Scaffolding is creeping up the walls of bullet-scarred villas across rubble-strewn Baghdad, and gangs of labourers are piling up bricks as growing security allows a mini-construction boom to take hold in Iraq, according to a report from Reuters.
It may be the leading edge of a building surge as work now limited to a few hundred villas makes way for mega-projects when Iraq starts to restore its infrastructure and housing stock, left in tatters by decades of war, sanctions and neglect.
The Iraqi authorities want to build on a massive scale — 1 million new housing units in three years. In a single project, plans call for 75,000 units in Baghdad’s Sadr City slum. Gulf companies are bidding for many of the projects.
“The local production of construction materials will not be enough for such big projects,” said Abdul Rahman al-Mashhadani, an economist at al-Mustansiriya University, who believes a government estimate that Iraq needs more than 3 million housing units is too low.
Iraq’s infrastructure needs are daunting, more than seven years after the U.S.-led invasion that toppled Saddam Hussein. Roads, railways, the electricity grid, ports, housing and factories must be rebuilt.
The National Investment Commission has put together a wish list of 750 projects that alone require $600 billion.
That could be good news for early foreign investors such as French cement maker Lafarge(LAFP.PA), which has braved continuing insurgent attacks and political uncertainty to invest in Iraq’s construction materials sector.
But it could be bad news for inflation, and for Iraqi consumers, as prices of bricks, cement and plaster, which have tumbled, are pushed higher by soaring demand.
For now, dramatic gains in the last three years after the sectarian slaughter that followed the 2003 ouster of Saddam have allowed Iraqis to renovate decrepit villas or start new ones. Rising government wages have fuelled the boom.
“It feels like a baby or a tree growing before your eyes …” said Kadhum Jawad, 37, an engineer, as he waited for a cement truck to arrive at a plot in Baghdad where he, his brother and his sister are building a new 150 square metre home.
PRICES, ONCE HIGH, HAVE TUMBLED
In the latter days of Saddam’s 1979 to 2003 rule, as the economy tanked under the weight of sanctions and the cost of war, only wealthy families and high-paid officials could afford to build new houses or renovate a home.
The materials market was controlled by a state-run company, and while prices were subsidised, they remained beyond the reach of most homeowners. Ordinary government workers earned the equivalent of around $2.50 a month.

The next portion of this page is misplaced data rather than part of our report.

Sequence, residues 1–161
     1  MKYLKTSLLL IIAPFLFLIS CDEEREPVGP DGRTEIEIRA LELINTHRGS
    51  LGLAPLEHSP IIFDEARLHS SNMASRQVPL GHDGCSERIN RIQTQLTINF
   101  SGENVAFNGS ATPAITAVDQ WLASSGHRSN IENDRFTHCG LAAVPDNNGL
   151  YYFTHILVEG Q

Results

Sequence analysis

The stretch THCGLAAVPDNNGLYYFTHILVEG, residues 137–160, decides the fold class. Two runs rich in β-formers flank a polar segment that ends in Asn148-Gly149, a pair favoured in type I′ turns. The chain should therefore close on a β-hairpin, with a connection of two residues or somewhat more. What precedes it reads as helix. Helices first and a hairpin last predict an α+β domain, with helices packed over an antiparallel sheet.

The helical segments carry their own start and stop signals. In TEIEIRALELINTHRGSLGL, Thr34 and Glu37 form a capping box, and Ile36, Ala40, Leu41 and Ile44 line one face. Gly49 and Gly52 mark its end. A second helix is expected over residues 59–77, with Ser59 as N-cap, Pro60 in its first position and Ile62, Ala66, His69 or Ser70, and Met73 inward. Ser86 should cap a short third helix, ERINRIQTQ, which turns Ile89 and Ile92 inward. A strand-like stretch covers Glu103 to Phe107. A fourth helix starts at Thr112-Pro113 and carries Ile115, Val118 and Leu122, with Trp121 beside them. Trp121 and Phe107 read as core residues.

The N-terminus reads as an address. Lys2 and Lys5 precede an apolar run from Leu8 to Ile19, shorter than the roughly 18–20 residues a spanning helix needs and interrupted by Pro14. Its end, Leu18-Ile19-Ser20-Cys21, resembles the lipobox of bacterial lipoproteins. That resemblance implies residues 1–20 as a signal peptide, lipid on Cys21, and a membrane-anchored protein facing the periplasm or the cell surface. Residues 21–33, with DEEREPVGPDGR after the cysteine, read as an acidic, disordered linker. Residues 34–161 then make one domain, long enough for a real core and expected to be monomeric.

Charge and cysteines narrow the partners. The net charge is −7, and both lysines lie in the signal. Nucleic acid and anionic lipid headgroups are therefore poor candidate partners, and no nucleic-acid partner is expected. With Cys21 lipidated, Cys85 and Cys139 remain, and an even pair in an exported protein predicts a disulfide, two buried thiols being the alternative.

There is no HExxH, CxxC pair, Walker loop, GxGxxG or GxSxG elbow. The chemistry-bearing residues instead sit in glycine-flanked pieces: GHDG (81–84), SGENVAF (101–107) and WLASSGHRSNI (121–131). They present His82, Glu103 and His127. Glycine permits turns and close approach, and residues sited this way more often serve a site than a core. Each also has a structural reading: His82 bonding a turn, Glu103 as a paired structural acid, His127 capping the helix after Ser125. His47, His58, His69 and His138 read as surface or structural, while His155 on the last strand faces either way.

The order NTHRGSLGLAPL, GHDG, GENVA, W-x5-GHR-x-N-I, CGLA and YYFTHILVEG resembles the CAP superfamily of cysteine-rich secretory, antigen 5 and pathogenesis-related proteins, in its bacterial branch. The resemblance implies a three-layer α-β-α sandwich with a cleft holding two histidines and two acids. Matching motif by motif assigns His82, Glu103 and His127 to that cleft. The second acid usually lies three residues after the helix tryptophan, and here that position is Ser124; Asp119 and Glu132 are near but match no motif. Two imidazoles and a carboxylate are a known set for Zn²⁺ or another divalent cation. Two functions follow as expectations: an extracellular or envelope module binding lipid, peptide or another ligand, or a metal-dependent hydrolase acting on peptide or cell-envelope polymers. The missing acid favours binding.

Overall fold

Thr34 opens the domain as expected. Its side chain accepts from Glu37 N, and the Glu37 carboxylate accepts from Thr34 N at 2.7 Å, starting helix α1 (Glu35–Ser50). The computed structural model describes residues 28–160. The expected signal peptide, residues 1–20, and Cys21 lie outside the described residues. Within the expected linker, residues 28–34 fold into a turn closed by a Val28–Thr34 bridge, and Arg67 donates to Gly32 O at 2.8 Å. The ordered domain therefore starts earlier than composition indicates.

But the price of bricks has tumbled from two years ago, when the cost of waste oil used by brick factories was sky-high and fighting between majority Shi’ites and once dominant Sunnis meant many plants remained shuttered.
Prices of cement, sand, plaster and reinforcing steel used to strengthen walls are also down as old factories reopen, new ones are set up and more importers enter the market.
Materials now flow in from abroad. Importing cement from Pakistan, reinforcing steel from Ukraine and wooden doors from southeast Asia helps keep prices low.
As a result teachers, police officers and other wage earners are tackling home renovations.
“It was a dream for me to sell to a teacher or a government employee. They couldn’t afford (these things). I used to sell them used bathroom sets and faucets,” said Abu Karrar, a shop owner who sells mostly Turkish and Iranian products.
“Iraqis didn’t know what a Jacuzzi or a shower cubicle was.”
A tonne of reinforcing steel that sold for $1,270 in 2008 now costs $720, a three-tonne truckload of sand that went for $508 now costs $381 and a tonne of cement has fallen from $200 to $150, said one local trader.
France’s Lafarge, the world’s largest cement maker, is one company that will benefit from the coming boom.
It already has cement plants in northern Iraq’s semi-autonomous and relatively stable Kurdish region and recently launched a $200-million renovation of an Iraqi cement plant near Kerbala in the south to boost production.
Imports will likely be needed nonetheless to meet demand.
“Our cement factories don’t cover a quarter of the market’s needs,” said Abu Baqir, a Baghdad supplier whose plot of land is lined with piles of bags of imported and local cement, sand, stones, and brick.
Iraqis building a home have an increasingly impressive array of choices, not only of basic materials but also of luxuries like decorative tiles, Jacuzzis and shower enclosures.
“Iraqis are dazzled by the different types of ceramics and tiles they have seen since the fall of the regime,” said Amer Ali, 47, a government worker building a home.